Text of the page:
Grant Shapps refuses to commit to 3% defence spending in election manifesto during South West visit

Grant Shapps

The Defence Secretary won't guarantee that the Conservatives will pledge to increase defence spending to 3% in their election manifesto.

Grant Shapps refused to make the commitment in an interview with ITV West Country on Wednesday 10 April, despite calls from senior Tories to do so.

Mr Shapps recently suggested he would support a rise to 3% of GDP, telling reporters in Poland that he wants "a bigger budget" and is "clearly in favour" of the target.

He has been under increasing pressure to go beyond the government's current pledge of spending 2.5% of GDP on defence, not least from the outgoing Wells MP and former Armed Forces Minister, James Heappey.

Mr Heappey, who stood down from his government role last month, is among a number of senior Conservative MPs urging Mr Shapps that the UK's armed forces "urgently" need a more significant budget.

Grant Shapps visited a Ministry of Defence site near Bristol Credit: ITV News

But when asked on a visit near Bristol whether he could commit to putting an increase in the Conservatives general election manifesto, Mr Shapps said: "That will be a matter for another day."

"What I can tell you, is that the government is committed to 2.5%," he added.

Mr Shapps met workers at the procurement arm of the Ministry of Defence in Abbey Wood, near Bristol.

"We're at about 2.3% so we're a long way there," he said.

"I should caution that our opponents, the Labour Party, only want to spend 2%, the NATO minimum. That would mean £7 billion slashed off our defence spending every year."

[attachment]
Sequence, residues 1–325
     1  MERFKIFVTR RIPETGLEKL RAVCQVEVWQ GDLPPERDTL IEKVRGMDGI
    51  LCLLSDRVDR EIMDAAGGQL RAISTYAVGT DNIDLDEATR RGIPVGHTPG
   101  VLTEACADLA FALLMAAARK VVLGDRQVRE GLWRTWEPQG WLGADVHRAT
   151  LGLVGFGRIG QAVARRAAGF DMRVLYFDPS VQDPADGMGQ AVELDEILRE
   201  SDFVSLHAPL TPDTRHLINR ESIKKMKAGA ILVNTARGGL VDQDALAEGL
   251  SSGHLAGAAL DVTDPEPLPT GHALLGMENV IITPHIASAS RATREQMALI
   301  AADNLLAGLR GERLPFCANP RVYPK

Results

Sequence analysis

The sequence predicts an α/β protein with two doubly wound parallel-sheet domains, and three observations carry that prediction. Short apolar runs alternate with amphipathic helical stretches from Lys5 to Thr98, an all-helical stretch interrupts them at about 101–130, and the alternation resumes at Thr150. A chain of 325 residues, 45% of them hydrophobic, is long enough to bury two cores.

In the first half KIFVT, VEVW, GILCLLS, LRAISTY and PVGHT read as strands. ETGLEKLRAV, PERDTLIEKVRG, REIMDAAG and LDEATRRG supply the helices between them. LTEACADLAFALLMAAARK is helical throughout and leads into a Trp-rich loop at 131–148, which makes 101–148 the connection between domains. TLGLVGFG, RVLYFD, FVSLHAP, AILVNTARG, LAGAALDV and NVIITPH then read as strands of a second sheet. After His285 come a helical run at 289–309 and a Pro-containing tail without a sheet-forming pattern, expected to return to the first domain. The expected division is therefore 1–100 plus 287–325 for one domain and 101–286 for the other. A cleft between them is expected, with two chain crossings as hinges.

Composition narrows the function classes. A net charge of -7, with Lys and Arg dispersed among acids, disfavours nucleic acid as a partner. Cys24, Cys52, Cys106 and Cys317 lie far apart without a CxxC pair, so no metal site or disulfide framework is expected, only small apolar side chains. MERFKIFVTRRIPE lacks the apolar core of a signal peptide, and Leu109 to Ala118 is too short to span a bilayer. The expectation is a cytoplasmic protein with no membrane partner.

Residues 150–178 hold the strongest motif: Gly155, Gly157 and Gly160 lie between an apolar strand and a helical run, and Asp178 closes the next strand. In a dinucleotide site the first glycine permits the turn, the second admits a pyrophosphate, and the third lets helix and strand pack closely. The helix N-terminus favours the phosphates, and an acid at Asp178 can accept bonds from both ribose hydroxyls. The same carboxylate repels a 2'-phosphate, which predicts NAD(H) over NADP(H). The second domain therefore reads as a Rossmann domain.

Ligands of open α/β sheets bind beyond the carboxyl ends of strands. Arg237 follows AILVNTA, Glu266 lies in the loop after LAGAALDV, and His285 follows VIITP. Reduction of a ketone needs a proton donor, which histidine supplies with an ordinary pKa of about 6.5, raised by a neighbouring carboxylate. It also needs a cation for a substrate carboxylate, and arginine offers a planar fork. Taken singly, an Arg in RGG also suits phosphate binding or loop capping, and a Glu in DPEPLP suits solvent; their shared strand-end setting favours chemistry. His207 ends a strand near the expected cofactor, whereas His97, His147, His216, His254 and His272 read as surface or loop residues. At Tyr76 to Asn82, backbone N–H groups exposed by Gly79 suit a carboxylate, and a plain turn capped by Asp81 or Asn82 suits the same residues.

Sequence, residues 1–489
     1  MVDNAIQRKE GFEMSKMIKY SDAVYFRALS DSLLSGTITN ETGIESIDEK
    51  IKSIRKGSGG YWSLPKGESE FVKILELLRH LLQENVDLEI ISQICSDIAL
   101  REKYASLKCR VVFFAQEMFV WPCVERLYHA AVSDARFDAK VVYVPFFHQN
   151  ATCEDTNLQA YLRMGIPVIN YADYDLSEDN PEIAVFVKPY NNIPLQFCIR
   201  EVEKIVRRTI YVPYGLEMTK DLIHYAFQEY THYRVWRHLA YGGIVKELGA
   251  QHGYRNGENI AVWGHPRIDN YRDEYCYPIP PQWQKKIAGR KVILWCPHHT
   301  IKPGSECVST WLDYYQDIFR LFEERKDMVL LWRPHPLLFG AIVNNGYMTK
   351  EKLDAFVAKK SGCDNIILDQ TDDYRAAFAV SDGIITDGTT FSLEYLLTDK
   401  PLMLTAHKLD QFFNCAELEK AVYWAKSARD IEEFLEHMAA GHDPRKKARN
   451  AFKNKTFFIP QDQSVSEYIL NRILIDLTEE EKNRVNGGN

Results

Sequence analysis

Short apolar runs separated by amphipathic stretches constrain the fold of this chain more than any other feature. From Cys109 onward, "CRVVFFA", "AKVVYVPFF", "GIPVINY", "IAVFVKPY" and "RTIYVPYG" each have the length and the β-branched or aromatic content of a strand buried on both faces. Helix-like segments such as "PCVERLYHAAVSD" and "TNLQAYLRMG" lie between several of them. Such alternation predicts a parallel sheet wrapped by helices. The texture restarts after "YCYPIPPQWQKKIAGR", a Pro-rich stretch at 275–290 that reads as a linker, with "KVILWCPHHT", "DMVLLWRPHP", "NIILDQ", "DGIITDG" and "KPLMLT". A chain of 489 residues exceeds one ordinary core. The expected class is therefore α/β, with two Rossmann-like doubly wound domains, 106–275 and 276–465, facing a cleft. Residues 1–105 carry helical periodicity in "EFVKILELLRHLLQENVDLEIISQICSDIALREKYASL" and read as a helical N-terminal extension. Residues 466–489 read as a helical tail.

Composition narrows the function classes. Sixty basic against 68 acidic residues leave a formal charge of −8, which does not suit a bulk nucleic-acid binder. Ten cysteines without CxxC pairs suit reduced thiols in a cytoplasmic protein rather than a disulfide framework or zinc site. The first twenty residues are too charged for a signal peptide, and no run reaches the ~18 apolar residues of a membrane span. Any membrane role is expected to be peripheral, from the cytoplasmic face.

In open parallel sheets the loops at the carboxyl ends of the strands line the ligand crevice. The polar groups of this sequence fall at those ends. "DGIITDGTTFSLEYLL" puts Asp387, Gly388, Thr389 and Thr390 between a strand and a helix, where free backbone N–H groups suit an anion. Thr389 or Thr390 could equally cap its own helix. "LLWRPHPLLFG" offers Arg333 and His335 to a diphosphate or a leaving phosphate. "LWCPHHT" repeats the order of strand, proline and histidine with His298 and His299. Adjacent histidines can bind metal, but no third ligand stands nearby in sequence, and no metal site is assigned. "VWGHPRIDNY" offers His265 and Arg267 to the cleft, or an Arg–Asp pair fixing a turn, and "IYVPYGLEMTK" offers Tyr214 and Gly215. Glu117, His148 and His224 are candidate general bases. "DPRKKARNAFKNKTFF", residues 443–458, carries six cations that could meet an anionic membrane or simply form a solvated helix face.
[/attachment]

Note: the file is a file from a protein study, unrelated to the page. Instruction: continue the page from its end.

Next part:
The Defence Secretary was with the Conservative MP for Filton and Bradley Stoke, Jack Lopresti, on his visit to the MoD site in South Gloucestershire.

A marginal seat, it is a key Labour target for the upcoming general election.

Claire Hazelgrove, Labour's candidate, told ITV West Country that the Party's election manifesto will contain full details of its policies and costings.

However, she added, the Party can't make further commitments on defence spending until after an election.

"We believe in the Labour party that the first duty of any Government is to protect its people," Ms Hazelgrove said.

"When we were last in Government, we were incredibly proud that we were investing 2.5% of GDP in defence. What we've seen in Conservatives are real cutbacks on that.

"We don't get to see every pound or penny within the defence budget when you're in opposition - you only get that privilege in Government.

"We will want to conduct a proper strategic defence review if we are in Government to make sure we are spending British taxpayers' money as effectively as possible."

The Labour Party also stresses it was spending 2.5% of GDP on defence when it left office in 2010.